Battle for the Mind; A Physiology of Conversion and Brain-Washing

( 1 )
Sending request ...

More About This Book

Product Details

  • ISBN-13: 9781883536060
  • Publisher: Malor Books
  • Publication date: 10/28/1997
  • Edition description: REPRINT
  • Pages: 300
  • Sales rank: 790,043
  • Product dimensions: 5.52 (w) x 8.50 (h) x 0.89 (d)

Customer Reviews

Average Rating 5
( 1 )
Rating Distribution

5 Star

(1)

4 Star

(0)

3 Star

(0)

2 Star

(0)

1 Star

(0)

Your Rating:

Your Name: Create a Pen Name or

Barnes & Noble.com Review Rules

Our reader reviews allow you to share your comments on titles you liked, or didn't, with others. By submitting an online review, you are representing to Barnes & Noble.com that all information contained in your review is original and accurate in all respects, and that the submission of such content by you and the posting of such content by Barnes & Noble.com does not and will not violate the rights of any third party. Please follow the rules below to help ensure that your review can be posted.

Reviews by Our Customers Under the Age of 13

We highly value and respect everyone's opinion concerning the titles we offer. However, we cannot allow persons under the age of 13 to have accounts at BN.com or to post customer reviews. Please see our Terms of Use for more details.

What to exclude from your review:

Please do not write about reviews, commentary, or information posted on the product page. If you see any errors in the information on the product page, please send us an email.

Reviews should not contain any of the following:

  • - HTML tags, profanity, obscenities, vulgarities, or comments that defame anyone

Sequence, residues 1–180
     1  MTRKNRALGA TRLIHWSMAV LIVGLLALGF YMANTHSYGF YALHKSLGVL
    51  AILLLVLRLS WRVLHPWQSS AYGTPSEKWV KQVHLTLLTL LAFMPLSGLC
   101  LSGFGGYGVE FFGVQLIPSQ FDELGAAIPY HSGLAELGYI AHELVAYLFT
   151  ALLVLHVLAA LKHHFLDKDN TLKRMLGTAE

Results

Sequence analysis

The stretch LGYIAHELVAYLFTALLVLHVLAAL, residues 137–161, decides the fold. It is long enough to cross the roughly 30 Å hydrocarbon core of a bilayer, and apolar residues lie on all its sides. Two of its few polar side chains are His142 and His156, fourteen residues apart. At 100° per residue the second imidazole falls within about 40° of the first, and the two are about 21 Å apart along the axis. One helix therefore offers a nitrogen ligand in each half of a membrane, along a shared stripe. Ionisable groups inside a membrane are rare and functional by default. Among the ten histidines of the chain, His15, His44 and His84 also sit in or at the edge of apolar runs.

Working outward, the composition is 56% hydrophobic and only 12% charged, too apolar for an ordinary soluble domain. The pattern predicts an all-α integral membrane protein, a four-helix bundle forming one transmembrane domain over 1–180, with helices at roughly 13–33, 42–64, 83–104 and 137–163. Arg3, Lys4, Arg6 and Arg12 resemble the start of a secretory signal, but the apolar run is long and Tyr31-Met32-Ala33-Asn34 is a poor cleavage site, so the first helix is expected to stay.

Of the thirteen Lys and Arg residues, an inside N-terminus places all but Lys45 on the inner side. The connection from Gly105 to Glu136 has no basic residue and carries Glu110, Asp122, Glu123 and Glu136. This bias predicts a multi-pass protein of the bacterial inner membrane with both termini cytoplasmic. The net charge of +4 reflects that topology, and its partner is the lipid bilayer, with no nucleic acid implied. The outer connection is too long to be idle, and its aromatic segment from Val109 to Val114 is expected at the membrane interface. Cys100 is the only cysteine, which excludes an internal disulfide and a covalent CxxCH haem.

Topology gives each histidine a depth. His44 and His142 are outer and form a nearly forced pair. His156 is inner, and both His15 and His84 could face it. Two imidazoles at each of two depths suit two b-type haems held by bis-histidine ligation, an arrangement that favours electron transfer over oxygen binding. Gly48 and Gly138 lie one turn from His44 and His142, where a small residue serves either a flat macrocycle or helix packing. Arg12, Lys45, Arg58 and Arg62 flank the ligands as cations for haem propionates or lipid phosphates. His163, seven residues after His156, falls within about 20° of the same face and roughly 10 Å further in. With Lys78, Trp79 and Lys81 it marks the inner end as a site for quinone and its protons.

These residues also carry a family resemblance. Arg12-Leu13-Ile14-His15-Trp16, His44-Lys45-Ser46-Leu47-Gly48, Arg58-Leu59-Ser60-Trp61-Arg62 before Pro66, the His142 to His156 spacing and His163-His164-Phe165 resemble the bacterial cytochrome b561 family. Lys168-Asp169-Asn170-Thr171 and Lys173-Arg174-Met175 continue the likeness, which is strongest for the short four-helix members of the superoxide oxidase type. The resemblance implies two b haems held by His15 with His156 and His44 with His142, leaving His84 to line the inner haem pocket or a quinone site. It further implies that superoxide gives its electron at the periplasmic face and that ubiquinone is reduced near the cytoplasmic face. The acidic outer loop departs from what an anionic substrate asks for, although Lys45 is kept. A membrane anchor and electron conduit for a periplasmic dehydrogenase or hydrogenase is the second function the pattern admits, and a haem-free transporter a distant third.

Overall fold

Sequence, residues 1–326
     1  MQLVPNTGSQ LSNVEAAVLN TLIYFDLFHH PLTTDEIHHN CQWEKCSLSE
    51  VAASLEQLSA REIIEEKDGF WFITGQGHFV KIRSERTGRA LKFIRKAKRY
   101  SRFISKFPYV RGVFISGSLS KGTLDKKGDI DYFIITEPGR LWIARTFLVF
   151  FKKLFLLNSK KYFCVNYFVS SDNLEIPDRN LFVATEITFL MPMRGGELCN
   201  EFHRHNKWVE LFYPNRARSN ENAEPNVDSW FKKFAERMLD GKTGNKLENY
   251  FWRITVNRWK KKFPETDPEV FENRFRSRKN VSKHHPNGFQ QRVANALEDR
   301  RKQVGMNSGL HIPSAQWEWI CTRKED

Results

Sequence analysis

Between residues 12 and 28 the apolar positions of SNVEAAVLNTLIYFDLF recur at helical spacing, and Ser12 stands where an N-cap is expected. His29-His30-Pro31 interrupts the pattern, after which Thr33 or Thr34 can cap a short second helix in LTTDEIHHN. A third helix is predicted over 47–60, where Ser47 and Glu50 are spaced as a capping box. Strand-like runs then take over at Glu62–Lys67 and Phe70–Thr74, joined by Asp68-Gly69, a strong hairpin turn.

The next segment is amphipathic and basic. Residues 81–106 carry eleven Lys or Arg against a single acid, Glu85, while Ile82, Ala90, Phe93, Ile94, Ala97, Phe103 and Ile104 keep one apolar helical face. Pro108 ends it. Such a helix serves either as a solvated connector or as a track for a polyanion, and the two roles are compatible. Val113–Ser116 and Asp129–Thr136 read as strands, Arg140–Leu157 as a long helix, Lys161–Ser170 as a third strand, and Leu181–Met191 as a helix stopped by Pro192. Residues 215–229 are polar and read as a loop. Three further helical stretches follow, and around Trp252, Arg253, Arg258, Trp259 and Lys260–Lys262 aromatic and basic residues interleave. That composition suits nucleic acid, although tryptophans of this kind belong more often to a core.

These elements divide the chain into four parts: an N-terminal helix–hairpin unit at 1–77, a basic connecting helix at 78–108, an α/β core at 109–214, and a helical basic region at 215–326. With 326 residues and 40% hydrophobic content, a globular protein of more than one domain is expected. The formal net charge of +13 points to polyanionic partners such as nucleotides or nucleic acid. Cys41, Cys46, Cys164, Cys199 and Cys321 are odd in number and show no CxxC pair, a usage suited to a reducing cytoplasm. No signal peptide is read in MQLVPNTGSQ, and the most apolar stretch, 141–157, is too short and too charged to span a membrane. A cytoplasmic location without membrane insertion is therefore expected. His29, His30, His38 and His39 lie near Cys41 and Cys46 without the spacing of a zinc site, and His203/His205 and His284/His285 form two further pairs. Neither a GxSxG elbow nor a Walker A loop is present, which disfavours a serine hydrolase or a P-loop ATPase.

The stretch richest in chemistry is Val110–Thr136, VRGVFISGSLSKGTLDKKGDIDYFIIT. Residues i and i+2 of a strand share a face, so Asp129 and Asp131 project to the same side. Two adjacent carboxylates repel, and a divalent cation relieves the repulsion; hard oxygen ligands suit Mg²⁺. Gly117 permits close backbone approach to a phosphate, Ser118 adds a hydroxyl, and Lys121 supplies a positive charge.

• - Time-sensitive information such as tour dates, signings, lectures, etc.
  • - Single-word reviews. Other people will read your review to discover why you liked or didn't like the title. Be descriptive.
  • - Comments focusing on the author or that may ruin the ending for others
  • - Phone numbers, addresses, URLs
  • - Pricing and availability information or alternative ordering information
  • - Advertisements or commercial solicitation

Reminder:

  • - By submitting a review, you grant to Barnes & Noble.com and its sublicensees the royalty-free, perpetual, irrevocable right and license to use the review in accordance with the Barnes & Noble.com Terms of Use.
  • - Barnes & Noble.com reserves the right not to post any review -- particularly those that do not follow the terms and conditions of these Rules. Barnes & Noble.com also reserves the right to remove any review at any time without notice.
  • - See Terms of Use for other conditions and disclaimers.
Search for Products You'd Like to Recommend

Recommend other products that relate to your review. Just search for them below and share!

Create a Pen Name

Your Pen Name is your unique identity on BN.com. It will appear on the reviews you write and other website activities. Your Pen Name cannot be edited, changed or deleted once submitted.

 
Your Pen Name can be any combination of alphanumeric characters (plus - and _), and must be at least two characters long.

Continue Anonymously
Sort by: Showing 1 Customer Reviews
  • Anonymous

    Posted October 28, 2001

    Engrossing book that explains many strange events past and present

    This book was a collaboration between Sargant and Robert Graves, the British poet and novelist, who had experienced severe mental trauma during World War I. Graves participation helps explain how such an incredible range of history and anthropology got included to explain Sargant's basic thesis. Sargant shows that under severe and/or prolonged stress, the mind can change radically, profoundly, and with lasting (though not necessarily permanent) results -- regardless of the moral and social perspective of the person involved. Brainwashers, Sargant shows, use this situation to get people to do things they normally wouldn't consider. A compassionate psychologist, however, can use it to genuinely help a person recover from a trauma. Or, as in many religious conversions and 'mystical' experiences as far back as ancient times, a controlled form of stress such as ritual drum beats can be used therapeutically. Sargant speaks from a great range of direct professional experience, not academic speculation. The book is very compelling.

    Was this review helpful? Yes  No   Report this review
Sort by: Showing 1 Customer Reviews

If you find inappropriate content, please report it to Barnes & Noble
Why is this product inappropriate?
Comments (optional)